Emma speaks at KEY Project AGM

October 14, 2014

141010 KEY Project AGMEmma addressed South Tyneside’s KEY Project earlier this week, speaking about the challenges young homeless people face and her work on the All-Party Inquiry into Food Poverty.

KEY Project works with young homeless people in South Shields.  They support vulnerable individuals by helping them into accommodation, providing housing advice and other support for tenants, as well as providing emergency food to those who need it.  Emma has worked closely with KEY Project since becoming an MP.

Emma explained how a lack of well-paid work, benefit delays and unfair sanctions meant young people in South Shields could quickly find themselves trapped in poverty.  You can read Emma’s full speech below.

She also told attendees about her work with the All-Party Inquiry into Food Poverty, which she invited to South Shields this summer to take evidence from local charities, agencies and food bank users. The Inquiry will publish its report at the end of this year.

You can find out more about the inquiry’s work by clicking here.

At the inquiry session KEY Project and other local charities explained that rising food prices, frozen wages and harsh welfare changes like the bedroom tax had combined to plunge many families into crisis.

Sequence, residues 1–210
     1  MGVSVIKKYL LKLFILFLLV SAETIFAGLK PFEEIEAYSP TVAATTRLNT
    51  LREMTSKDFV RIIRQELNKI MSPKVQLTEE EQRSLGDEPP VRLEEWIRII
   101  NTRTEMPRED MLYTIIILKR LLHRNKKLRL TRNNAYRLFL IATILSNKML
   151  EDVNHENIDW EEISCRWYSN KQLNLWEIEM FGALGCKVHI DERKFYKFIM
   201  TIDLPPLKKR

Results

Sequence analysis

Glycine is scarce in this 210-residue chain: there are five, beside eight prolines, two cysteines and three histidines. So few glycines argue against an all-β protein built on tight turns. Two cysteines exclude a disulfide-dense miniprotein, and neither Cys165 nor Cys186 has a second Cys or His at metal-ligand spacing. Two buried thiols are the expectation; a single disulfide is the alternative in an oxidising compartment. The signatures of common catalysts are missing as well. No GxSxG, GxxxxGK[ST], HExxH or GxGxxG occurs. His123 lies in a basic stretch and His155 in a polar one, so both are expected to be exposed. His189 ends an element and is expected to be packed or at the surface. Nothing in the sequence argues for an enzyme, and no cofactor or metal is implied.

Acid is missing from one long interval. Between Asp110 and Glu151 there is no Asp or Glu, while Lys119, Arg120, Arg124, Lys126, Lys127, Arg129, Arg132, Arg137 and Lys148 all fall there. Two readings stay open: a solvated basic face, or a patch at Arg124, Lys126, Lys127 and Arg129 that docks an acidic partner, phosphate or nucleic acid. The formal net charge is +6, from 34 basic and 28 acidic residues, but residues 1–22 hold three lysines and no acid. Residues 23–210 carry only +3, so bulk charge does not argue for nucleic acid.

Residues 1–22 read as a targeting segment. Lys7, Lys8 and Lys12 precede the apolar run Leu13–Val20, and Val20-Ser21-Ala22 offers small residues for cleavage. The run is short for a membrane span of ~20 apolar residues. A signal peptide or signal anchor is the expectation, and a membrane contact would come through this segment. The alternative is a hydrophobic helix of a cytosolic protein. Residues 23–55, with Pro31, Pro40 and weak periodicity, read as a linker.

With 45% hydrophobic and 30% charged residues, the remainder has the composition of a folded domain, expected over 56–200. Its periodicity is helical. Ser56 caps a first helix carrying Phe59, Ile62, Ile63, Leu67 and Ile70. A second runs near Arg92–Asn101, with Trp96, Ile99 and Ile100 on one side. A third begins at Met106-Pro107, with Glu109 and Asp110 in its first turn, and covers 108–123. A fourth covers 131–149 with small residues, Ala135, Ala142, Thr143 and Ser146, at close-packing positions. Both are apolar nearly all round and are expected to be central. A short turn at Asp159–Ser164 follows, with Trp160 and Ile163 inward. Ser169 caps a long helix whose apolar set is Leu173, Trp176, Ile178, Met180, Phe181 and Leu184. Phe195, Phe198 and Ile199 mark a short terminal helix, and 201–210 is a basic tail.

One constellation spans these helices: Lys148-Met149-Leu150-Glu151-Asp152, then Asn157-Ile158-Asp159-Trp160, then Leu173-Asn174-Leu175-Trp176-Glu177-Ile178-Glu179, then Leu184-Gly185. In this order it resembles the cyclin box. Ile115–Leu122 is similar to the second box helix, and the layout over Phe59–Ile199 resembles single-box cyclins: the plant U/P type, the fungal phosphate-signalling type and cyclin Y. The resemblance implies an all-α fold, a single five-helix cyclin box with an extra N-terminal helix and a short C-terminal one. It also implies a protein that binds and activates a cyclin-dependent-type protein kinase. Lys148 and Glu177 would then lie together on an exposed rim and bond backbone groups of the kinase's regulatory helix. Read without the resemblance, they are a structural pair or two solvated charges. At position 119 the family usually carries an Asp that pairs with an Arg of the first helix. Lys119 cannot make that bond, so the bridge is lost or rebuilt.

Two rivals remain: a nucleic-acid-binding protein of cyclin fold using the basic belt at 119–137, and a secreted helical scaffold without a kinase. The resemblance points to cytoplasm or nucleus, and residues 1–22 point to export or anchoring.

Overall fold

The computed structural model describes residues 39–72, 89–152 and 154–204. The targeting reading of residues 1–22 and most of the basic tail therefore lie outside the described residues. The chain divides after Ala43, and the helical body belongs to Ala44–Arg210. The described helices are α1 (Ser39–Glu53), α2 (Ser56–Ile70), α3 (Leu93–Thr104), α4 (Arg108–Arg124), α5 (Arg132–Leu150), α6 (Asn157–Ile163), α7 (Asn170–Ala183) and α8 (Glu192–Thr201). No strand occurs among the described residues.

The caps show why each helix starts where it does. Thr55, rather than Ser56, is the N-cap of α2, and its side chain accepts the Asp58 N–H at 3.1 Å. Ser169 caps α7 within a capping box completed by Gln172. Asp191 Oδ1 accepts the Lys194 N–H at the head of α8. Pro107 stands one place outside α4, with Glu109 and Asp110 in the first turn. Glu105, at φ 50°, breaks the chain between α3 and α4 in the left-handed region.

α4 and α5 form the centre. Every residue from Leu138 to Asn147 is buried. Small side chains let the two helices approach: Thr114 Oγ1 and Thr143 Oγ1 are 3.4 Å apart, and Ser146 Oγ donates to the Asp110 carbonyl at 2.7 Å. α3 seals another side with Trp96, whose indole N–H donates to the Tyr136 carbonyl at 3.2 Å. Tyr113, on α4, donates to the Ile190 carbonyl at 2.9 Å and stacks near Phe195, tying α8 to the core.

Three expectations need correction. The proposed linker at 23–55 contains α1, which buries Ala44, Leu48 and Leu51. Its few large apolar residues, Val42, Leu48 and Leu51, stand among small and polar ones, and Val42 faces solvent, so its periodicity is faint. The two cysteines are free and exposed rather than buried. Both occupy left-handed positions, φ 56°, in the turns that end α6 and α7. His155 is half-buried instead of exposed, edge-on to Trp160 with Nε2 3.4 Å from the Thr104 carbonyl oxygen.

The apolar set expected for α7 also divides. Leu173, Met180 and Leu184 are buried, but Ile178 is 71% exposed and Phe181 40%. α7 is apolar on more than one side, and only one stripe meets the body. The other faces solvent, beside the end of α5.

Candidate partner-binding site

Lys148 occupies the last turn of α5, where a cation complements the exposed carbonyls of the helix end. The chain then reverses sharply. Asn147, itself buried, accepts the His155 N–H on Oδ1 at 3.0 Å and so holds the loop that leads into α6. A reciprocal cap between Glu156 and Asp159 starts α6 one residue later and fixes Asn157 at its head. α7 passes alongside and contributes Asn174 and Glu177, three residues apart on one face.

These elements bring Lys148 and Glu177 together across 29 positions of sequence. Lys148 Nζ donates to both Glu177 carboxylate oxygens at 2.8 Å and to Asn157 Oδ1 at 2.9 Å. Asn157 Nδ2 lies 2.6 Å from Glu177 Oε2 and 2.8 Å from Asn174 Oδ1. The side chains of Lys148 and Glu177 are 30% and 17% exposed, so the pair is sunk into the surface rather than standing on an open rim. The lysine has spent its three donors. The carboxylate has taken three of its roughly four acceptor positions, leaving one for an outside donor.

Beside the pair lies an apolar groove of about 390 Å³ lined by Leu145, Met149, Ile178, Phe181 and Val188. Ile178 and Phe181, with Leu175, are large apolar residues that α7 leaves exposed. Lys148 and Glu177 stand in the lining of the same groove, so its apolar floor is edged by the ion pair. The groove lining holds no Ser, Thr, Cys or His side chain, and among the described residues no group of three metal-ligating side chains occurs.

Emma’s Speech to KEY Project

Thank you very much for inviting me here to speak today, it always good to be at the Key Project.

I want to say a few words today about why organisations like the Key Project are so important, and speak to you about issues around homelessness.  I’ve also been asked to talk about the Parliamentary Inquiry into Hunger and Food Poverty, which I and a group of fellow MPs have been working on this year.

Since becoming an MP one of the things that has struck me is how distant what happens in Westminster can seem from people’s everyday lives.  We do debate important issues like homelessness, poverty and rising living costs but too often I think the debates get bogged down in statistics and don’t talk about the human aspect and the reality of what it means to live without a roof over your head, or to have to choose between a warm home or a hot meal.

That is why almost every time I speak in the House I refer to a named constituent and their direct experiences, this not only humanises the issues we are debating but it also makes it more difficult for the Coalition to deny the impact of their harmful policies.